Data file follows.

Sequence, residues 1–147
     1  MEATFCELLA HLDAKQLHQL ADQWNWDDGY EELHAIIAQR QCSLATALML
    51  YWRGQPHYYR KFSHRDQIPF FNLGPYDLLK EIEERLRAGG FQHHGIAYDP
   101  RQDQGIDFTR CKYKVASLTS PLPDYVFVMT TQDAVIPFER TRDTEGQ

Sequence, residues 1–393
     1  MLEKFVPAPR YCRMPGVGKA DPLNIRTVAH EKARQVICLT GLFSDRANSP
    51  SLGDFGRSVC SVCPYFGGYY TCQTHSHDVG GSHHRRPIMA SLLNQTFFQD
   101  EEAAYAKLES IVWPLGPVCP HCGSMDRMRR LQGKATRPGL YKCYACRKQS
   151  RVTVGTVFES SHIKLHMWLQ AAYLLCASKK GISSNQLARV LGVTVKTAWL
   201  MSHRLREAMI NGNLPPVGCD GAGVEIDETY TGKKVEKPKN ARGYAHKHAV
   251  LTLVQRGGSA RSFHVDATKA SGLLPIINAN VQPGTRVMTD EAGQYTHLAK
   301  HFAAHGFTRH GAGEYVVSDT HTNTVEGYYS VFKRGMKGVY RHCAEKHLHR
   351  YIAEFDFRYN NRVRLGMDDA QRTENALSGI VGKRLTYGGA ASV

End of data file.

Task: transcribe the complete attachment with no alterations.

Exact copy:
Sequence, residues 1–147
     1  MEATFCELLA HLDAKQLHQL ADQWNWDDGY EELHAIIAQR QCSLATALML
    51  YWRGQPHYYR KFSHRDQIPF FNLGPYDLLK EIEERLRAGG FQHHGIAYDP
   101  RQDQGIDFTR CKYKVASLTS PLPDYVFVMT TQDAVIPFER TRDTEGQ

Sequence, residues 1–393
     1  MLEKFVPAPR YCRMPGVGKA DPLNIRTVAH EKARQVICLT GLFSDRANSP
    51  SLGDFGRSVC SVCPYFGGYY TCQTHSHDVG GSHHRRPIMA SLLNQTFFQD
   101  EEAAYAKLES IVWPLGPVCP HCGSMDRMRR LQGKATRPGL YKCYACRKQS
   151  RVTVGTVFES SHIKLHMWLQ AAYLLCASKK GISSNQLARV LGVTVKTAWL
   201  MSHRLREAMI NGNLPPVGCD GAGVEIDETY TGKKVEKPKN ARGYAHKHAV
   251  LTLVQRGGSA RSFHVDATKA SGLLPIINAN VQPGTRVMTD EAGQYTHLAK
   301  HFAAHGFTRH GAGEYVVSDT HTNTVEGYYS VFKRGMKGVY RHCAEKHLHR
   351  YIAEFDFRYN NRVRLGMDDA QRTENALSGI VGKRLTYGGA ASV